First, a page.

IMF Offers Statement on Second Financial Sector Monitoring Mission to Spain
A staff team from the International Monetary Fund (IMF) visited Madrid January 25-February 1 for the second independent monitoring mission of the financial sector in the context of the European financial assistance for bank recapitalization, as agreed with the Spanish authorities and the European Commission (EC) on July 20, 2012 (see Terms of Reference). The team met with official and private sector representatives and presented its preliminary findings to the Spanish authorities and their European partners at the end of the visit. A final report will be conveyed to the authorities and the EC in early March.
The main finding of the mission is that major progress has been made in implementing financial sector reforms. The program remains on track: the clean-up of undercapitalized banks has reached an advanced stage, and key reforms of Spain's financial sector framework have been either adopted or designed. Indeed, the bulk of all of the measures for the entire program have now been completed. Going forward, it will be important to maintain this momentum with strong completion of initiated reforms and continued vigilant oversight, as risks to the economy and hence to the financial sector remain elevated as Spain undergoes a difficult process of fiscal and external adjustment.
More specifically, the mission's preliminary findings include the following:
On bank recapitalization: Action is being taken to address banks' capital shortfalls. This clean-up is a major achievement that should strengthen confidence in the system and improve its ability to support the real economy. Remaining elements of the recapitalization and burden sharing exercise should be completed in a timely manner and in ways that minimize taxpayer costs.
On SAREB: Important progress has been made. Key achievements include the establishment of the company, the receipt of real estate-related assets from the weakest banks, and the adoption of strong servicing agreements with participating banks to manage the transferred assets. Going forward, policy priorities to address remaining challenges include the completion of an updated and comprehensive long-term business plan and robust implementation of servicing agreements to safeguard the value of SAREB's assets.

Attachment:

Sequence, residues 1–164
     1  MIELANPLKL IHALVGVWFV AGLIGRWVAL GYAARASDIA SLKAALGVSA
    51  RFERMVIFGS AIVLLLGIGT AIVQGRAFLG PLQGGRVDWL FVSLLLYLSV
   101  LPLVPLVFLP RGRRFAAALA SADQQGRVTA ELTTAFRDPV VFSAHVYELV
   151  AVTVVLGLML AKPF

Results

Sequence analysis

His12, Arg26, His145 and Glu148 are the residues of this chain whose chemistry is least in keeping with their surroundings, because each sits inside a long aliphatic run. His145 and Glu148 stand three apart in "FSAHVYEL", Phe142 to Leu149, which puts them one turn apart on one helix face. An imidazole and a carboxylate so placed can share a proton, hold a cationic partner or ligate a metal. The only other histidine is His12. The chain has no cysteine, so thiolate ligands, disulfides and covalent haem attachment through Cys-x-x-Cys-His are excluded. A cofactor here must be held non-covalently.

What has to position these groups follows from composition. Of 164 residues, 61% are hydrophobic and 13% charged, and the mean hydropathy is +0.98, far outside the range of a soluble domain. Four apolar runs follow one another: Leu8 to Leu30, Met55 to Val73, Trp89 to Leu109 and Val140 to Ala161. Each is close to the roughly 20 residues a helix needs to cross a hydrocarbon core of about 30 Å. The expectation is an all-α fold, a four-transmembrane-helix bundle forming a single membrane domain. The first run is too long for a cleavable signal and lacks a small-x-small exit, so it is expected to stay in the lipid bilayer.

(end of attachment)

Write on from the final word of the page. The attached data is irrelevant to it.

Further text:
On monitoring and maintenance of financial stability: To safeguard the program's gains, it will be important to continue closely monitoring the health of the financial system. To facilitate this as well as the forthcoming partial transfer of supervisory powers to the European Central Bank (ECB), specific timelines should be drawn up to implement the Bank of Spain's recent proposals to strengthen its supervisory procedures.
On savings bank reform: The draft law to reform the savings bank system is a welcome step aimed at enhancing these banks' governance and reducing risks to financial stability. It will be important to ensure that the draft law sets effective incentives for former savings banks to gradually divest their controlling stakes in commercial banks.
- On household indebtedness: We welcome the government's plan to increase the protection of the most vulnerable mortgage debtors, while maintaining this sector's historically strong credit discipline.
The third financial sector monitoring mission is expected to take place in the second quarter of 2013.
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